But let’s return to the topic of why Christians should try to alleviate suffering, if suffering serves some purpose in God’s plan. I do not have any adequate answer to that, except to say that God may be permitting suffering to give us an opportunity to love and to be compassionate. When we love—-and that can include pity, but also researching to cure disease and to soften the blow of natural disasters—-then we are obeying God and becoming what God wants us to be. I don’t think that we will ever arrive at the point where there are no problems, but, even if we arrive at the point where there are fewer problems, we can look back at how things were before and appreciate where love has brought us—-at a point where fewer people suffer as they once did.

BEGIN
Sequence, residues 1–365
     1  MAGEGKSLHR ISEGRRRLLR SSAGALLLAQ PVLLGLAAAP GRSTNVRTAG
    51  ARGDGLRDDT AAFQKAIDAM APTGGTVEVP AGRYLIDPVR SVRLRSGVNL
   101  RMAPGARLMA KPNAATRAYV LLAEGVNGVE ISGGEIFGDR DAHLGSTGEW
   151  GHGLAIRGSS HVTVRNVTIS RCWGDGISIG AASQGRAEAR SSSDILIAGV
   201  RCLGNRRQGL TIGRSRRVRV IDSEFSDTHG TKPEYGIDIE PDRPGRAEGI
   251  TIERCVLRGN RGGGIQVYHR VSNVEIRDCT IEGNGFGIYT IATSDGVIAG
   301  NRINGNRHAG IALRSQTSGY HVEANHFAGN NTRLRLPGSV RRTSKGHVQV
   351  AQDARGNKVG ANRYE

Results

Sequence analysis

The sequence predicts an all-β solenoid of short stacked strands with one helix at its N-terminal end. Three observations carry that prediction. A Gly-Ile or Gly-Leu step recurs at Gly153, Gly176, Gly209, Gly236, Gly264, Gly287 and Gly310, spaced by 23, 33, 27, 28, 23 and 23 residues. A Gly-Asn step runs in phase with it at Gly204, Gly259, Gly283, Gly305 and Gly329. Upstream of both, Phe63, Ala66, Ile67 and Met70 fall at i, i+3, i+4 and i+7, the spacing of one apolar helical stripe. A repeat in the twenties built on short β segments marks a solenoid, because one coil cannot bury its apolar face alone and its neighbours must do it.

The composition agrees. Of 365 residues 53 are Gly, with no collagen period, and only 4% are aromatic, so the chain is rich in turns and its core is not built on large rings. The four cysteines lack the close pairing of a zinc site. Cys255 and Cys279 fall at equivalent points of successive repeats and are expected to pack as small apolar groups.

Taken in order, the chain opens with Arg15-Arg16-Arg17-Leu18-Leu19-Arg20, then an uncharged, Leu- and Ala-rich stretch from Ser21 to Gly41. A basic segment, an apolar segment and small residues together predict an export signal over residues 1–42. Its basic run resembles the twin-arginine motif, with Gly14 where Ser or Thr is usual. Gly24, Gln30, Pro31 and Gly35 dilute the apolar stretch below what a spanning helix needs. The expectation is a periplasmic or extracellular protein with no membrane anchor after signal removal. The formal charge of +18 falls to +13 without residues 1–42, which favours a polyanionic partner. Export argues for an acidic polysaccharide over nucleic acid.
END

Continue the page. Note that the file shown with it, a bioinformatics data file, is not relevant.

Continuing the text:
Granted, what I say above can be developed. I was recently reading a blog post about how God’s heart is broken by things that happen in this world. And yet, God supposedly permits these things for some benevolent purpose. How can one be broken by evil in the world, and yet clinically look at it as fulfilling some grand purpose, as if evil is not really evil but is good in disguise?
Anyway, those are some ramblings.
UPDATE: This is not my official review, but I should probably mention that I received this book as a complimentary review copy from Intervarsity Press, in exchange for an honest review.